Schatz is the true blue progressive in this race and he needs to be elected next year. If you would like to donate or get involved with Schatz's campaign, you can do so here:U.S. Sen. Brian Schatz has expanded his fundraising edge over U.S. Rep. Colleen Hanabusa in their Democratic primary for U.S. Senate, as Hanabusa struggled through a subpar quarter.
Schatz raised more than $677,900 from July through September, according to a draft of his campaign finance report, and has brought in $2.7 million overall. Hanabusa raised more than $440,800 for the quarter and has brought in $1.1 million, her campaign announced, including money transferred from her House account.
The third quarter in a non-election year often presents a fundraising challenge for Hawaii political candidates, who have to compete for donors during summer months when politics is not top-of-mind and the primary is a year away. Neither Schatz nor Hanabusa has ever had to raise the $3 million to $5 million necessary for a premier statewide campaign, so they are not accustomed to the constant pressure to raise money and meet expectations every quarter.
Schatz's mark was down significantly from the $911,000 the appointed senator posted in July and the $1 million he opened with in April.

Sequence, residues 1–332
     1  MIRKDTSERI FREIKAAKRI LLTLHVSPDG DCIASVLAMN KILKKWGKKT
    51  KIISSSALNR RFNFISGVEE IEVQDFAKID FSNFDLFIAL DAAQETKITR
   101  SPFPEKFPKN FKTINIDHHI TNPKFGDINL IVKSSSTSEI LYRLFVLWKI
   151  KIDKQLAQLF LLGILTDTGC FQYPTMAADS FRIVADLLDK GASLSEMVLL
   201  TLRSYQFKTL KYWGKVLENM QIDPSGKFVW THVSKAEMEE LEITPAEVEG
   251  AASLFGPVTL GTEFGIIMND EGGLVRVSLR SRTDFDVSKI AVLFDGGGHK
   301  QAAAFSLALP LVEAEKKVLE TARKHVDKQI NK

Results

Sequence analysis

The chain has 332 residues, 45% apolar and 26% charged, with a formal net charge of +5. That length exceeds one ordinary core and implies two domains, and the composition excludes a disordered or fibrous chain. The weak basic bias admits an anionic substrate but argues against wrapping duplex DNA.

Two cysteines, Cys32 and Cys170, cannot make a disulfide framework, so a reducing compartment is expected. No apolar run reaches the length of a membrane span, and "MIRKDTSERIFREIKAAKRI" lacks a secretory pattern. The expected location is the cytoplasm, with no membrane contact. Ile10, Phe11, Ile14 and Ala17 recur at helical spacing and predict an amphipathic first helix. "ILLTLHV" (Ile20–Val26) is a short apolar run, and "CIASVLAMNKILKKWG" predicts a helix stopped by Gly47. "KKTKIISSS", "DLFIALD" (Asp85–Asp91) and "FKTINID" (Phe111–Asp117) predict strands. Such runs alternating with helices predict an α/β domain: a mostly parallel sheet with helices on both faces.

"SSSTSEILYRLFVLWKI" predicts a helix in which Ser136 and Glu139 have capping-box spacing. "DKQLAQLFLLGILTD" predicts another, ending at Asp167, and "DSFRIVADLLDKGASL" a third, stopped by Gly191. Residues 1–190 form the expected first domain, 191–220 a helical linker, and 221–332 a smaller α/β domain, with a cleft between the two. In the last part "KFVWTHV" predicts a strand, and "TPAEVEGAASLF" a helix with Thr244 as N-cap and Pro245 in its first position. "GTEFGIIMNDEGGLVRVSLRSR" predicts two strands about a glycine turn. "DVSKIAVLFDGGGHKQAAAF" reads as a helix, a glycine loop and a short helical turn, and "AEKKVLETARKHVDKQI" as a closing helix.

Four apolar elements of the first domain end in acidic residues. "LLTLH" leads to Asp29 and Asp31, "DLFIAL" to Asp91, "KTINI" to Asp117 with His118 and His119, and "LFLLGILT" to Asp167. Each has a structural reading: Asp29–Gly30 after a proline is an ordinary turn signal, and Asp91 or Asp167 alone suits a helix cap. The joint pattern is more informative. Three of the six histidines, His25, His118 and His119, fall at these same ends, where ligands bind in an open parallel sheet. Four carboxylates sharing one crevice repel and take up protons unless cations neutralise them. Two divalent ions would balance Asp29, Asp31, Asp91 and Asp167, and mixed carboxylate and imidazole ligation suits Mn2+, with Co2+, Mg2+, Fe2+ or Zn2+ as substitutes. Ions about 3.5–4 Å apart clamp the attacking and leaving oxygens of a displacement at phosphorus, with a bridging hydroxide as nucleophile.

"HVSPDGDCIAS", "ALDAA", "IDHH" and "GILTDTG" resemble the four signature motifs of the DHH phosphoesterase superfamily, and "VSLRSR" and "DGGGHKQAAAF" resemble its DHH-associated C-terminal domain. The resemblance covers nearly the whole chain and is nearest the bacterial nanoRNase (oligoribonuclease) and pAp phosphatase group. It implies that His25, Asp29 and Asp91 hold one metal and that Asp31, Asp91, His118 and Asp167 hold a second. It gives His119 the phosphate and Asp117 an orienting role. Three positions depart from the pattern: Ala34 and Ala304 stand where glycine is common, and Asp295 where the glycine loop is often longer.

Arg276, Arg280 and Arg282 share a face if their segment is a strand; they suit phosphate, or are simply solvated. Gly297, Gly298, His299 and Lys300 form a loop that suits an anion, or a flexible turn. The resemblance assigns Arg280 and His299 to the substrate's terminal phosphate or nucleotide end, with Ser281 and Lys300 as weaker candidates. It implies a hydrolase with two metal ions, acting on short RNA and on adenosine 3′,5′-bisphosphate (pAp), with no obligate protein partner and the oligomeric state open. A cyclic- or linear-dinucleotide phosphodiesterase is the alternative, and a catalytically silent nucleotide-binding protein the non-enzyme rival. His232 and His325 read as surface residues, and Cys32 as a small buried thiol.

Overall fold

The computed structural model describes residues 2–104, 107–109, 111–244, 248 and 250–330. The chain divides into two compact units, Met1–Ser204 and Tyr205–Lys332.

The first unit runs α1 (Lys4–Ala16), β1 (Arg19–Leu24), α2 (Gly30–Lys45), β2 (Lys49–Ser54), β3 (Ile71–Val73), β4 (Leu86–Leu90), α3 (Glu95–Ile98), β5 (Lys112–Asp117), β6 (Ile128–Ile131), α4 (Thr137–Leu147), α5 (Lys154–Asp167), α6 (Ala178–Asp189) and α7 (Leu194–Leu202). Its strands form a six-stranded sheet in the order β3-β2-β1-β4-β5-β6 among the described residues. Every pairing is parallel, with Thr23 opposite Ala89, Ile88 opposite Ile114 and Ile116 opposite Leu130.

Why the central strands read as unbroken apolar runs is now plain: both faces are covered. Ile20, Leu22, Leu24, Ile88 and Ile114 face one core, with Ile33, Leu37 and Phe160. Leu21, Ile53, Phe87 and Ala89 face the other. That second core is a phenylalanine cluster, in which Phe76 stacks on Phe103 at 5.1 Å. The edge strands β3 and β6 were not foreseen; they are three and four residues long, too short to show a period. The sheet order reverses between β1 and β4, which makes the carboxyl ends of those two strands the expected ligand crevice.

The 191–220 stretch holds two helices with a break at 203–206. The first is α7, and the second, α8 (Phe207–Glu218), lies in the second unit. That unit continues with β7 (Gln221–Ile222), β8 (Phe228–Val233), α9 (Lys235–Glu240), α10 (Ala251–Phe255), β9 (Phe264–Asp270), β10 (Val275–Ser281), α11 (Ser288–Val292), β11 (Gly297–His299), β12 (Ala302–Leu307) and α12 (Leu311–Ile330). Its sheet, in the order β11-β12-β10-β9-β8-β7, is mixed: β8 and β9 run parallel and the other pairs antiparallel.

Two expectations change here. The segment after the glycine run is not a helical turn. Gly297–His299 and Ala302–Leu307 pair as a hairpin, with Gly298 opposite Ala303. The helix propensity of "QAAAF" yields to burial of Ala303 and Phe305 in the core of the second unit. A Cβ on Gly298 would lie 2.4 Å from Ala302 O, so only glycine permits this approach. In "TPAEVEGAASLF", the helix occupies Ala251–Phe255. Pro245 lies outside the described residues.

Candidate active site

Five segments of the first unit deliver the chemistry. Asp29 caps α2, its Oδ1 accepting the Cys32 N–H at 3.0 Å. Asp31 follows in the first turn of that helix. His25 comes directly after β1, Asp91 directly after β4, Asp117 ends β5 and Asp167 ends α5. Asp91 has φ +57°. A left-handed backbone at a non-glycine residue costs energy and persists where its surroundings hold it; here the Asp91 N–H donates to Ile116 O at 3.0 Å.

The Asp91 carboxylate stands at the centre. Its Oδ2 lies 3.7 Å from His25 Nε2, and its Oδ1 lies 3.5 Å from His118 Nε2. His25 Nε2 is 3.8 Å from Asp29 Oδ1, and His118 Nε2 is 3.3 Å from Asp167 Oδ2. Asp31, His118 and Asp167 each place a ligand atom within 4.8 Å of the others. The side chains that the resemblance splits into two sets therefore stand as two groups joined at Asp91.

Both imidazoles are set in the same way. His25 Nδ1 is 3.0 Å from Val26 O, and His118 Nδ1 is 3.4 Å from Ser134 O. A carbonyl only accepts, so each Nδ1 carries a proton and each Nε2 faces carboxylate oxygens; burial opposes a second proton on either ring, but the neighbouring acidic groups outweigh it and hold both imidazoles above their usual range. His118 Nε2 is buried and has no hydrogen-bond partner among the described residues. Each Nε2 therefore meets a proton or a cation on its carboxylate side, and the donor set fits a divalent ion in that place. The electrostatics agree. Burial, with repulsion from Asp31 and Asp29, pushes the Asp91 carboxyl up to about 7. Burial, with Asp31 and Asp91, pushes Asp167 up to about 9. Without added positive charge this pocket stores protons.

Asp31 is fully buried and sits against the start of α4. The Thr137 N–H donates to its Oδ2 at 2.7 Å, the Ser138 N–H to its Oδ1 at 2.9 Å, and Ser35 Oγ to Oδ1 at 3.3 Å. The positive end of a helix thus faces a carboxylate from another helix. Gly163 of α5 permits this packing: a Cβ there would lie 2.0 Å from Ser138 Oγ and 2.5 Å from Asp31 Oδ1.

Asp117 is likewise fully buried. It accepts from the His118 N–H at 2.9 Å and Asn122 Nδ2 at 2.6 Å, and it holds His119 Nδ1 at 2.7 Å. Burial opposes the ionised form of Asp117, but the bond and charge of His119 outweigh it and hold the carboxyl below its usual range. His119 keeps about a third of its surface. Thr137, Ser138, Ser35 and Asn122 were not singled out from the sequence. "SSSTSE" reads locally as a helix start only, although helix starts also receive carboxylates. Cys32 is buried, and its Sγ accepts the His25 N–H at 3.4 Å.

But Hanabusa is in a more complicated position. Her campaign advisers said earlier this year that there was a pent-up demand of financial support for the congresswoman that would be revealed once she formally announced her campaign. In July, after raising $500,000, campaign advisers said Hanabusa did not really have a full quarter since she had only declared in May.
In September, the Hanabusa campaign warned supporters that if the congresswoman did not meet her fundraising target the campaign may have to scale back field operations, a message campaign insiders acknowledge was a public-relations mistake.
Her underwhelming fundraising numbers will likely have little influence on the average primary voter, who rarely pays much attention to the quarterly money chase. But the relatively low mark could be damaging to the Hanabusa campaign in national and local political circles, where metrics such as fundraising and endorsements are critical measures of viability. - Star Advertiser, 10/13/13